Cherry

  • 1999
  • 1 HR 26 MIN
  • NR

A handsomely photographed but thoroughly miscalculated romantic comedy about a beautiful virgin whose desire to have a baby complicates her celibate existence. Jilted at the altar at a tender age, lovely Leila Sweet (supermodel Shalom Harlow) — an orphan raised by her wealthy Uncle Ernest (Gil Rogers) and his impossibly wise and patient companion Mammy...read more

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Reviewed by Maitland McDonagh
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A handsomely photographed but thoroughly miscalculated romantic comedy about a beautiful virgin whose desire to have a baby complicates her celibate existence. Jilted at the altar at a tender age, lovely Leila Sweet (supermodel Shalom Harlow) —

an orphan raised by her wealthy Uncle Ernest (Gil Rogers) and his impossibly wise and patient companion Mammy (David McCallum) — burns her wedding dress and swears she'll never fall in love again. Ten years later, as younger sister Evy (Laurel Holloman) prepares for her own wedding,

29-year-old Leila is still off men, but also wants to start a family. A visit to the gynecologist brings handsome, child-friendly and instantly smitten Dr. Beverly Garland (Jake Weber) into her life, but professional clown Eddie (Donovan Leitch), who keeps turning up at Leila's place dressed in

preposterous costumes, seems to have the edge in the prospective father sweepstakes. Why? Beats us. Writer Terry Reed and co-directors Jon Glascoe and Joseph Pierson seem to have been inspired by the sort of classic screwball comedies in which madcap heiresses wreak amusing havoc on the lives of

lesser mortals. They're not alone among contemporary filmmakers in failing to notice that the actresses who once played such characters — Katharine Hepburn, Barbara Stanwyck, Jean Arthur — were actresses blessed with fire and emotional depth, not bland beauties who read their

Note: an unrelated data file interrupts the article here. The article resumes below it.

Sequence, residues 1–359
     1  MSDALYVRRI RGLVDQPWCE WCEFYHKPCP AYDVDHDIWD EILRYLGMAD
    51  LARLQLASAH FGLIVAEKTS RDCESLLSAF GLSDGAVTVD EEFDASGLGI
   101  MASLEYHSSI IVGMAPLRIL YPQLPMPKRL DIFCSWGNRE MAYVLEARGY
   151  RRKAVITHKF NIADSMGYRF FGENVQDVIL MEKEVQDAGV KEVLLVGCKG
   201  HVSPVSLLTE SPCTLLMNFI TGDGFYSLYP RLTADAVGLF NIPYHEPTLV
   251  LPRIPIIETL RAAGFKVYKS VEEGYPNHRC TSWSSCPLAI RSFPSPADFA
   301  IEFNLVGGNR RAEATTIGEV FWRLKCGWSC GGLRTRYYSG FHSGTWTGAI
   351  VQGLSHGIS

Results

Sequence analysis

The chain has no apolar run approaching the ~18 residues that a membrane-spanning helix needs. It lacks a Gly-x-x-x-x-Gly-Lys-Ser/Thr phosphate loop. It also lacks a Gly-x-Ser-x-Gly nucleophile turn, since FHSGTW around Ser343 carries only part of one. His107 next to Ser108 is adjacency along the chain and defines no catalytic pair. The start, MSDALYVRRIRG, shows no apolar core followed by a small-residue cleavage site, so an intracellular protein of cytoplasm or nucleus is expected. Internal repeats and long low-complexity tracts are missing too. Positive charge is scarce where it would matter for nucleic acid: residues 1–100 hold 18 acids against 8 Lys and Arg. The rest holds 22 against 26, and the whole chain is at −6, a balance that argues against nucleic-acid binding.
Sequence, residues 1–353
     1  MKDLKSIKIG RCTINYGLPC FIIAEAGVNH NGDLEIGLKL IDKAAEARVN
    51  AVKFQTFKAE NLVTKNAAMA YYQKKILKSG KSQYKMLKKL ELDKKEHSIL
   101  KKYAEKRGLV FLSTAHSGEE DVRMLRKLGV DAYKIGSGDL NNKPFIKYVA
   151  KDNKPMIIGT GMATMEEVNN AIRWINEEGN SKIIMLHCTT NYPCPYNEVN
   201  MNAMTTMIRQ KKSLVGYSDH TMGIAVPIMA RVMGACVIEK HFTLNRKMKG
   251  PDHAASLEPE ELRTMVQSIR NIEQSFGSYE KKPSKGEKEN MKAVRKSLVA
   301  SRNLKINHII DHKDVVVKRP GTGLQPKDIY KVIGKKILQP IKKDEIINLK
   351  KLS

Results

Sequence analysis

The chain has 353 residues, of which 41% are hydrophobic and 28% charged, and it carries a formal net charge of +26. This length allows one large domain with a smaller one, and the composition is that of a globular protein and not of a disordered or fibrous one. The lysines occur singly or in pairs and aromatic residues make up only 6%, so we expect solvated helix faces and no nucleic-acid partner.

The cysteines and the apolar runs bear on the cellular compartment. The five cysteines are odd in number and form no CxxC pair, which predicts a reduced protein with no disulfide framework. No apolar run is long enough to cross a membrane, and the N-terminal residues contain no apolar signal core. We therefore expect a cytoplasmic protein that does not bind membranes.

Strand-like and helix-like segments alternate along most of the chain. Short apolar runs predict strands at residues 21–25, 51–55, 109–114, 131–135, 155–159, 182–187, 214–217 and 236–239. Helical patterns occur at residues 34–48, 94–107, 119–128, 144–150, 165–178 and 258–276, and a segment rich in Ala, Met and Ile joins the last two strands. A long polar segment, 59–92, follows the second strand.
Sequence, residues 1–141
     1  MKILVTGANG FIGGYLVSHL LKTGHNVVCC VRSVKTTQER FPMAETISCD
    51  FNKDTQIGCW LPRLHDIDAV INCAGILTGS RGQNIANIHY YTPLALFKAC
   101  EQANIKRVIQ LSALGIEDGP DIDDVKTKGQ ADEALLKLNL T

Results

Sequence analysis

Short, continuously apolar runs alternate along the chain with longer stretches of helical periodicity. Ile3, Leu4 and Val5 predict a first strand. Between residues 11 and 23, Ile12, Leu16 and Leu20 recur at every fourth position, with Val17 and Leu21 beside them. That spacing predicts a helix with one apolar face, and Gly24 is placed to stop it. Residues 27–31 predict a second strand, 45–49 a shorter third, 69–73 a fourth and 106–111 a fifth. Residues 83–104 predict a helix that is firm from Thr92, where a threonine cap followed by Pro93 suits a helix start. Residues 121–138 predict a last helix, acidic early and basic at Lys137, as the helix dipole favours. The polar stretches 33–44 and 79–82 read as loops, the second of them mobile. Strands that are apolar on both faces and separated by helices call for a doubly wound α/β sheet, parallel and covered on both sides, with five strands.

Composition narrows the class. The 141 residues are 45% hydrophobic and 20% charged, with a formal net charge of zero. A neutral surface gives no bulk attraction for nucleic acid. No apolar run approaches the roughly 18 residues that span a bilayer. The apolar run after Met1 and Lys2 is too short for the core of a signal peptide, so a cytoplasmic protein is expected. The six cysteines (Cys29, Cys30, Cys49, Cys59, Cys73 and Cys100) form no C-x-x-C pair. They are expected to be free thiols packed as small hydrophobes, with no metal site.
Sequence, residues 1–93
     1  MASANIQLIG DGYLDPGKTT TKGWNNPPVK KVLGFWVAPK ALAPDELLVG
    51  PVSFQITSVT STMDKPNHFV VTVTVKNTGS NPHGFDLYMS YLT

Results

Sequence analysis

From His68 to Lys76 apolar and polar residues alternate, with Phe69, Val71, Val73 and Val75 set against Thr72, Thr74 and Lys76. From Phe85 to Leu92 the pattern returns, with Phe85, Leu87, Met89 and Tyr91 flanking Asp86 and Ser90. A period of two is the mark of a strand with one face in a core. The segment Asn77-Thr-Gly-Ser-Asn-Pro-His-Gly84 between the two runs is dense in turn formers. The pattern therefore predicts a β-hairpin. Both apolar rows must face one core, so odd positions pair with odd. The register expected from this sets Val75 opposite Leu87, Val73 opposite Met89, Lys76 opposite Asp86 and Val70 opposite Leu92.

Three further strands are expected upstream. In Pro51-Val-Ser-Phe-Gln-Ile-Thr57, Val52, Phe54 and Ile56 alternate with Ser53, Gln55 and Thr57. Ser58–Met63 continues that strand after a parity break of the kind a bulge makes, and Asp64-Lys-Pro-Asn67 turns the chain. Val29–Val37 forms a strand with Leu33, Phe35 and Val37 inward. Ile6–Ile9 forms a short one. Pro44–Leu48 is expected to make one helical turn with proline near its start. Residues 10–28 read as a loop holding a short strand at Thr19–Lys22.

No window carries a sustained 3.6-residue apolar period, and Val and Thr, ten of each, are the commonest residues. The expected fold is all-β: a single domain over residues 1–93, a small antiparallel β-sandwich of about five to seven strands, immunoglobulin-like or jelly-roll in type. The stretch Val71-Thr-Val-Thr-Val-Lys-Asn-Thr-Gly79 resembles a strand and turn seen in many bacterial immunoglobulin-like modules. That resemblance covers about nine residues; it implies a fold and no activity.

lines like high school drama students. Nor are they alone in not understanding that even madcap heiresses need to do things for better reasons than, "hey, wouldn't it be cute if..." Far more skilled performers than Harlow would be defeated by Leila, who's less a character than a patchwork quilt

of quirks saddled with dialogue that could make strong men weep.

MIXED-ISH - In "mixed-ish," Rainbow Johnson recounts her experience growing up in a mixed-race family in the '80s and the constant dilemmas they had to face over whether to assimilate or stay true to themselves. Bow's parents Paul and Alicia decide to move from a hippie commune to the suburbs to better provide for their family. As her parents struggle with the challenges of their new life, Bow and her siblings navigate a mainstream school in which they're perceived as neither black nor white. This family's experiences illuminate the challenges of finding one's own identity when the rest of the world can't decide where you belong. (ABC/Kelsey McNeal)
MYKAL-MICHELLE HARRIS, ARICA HIMMEL, ETHAN WILLIAM CHILDRESS

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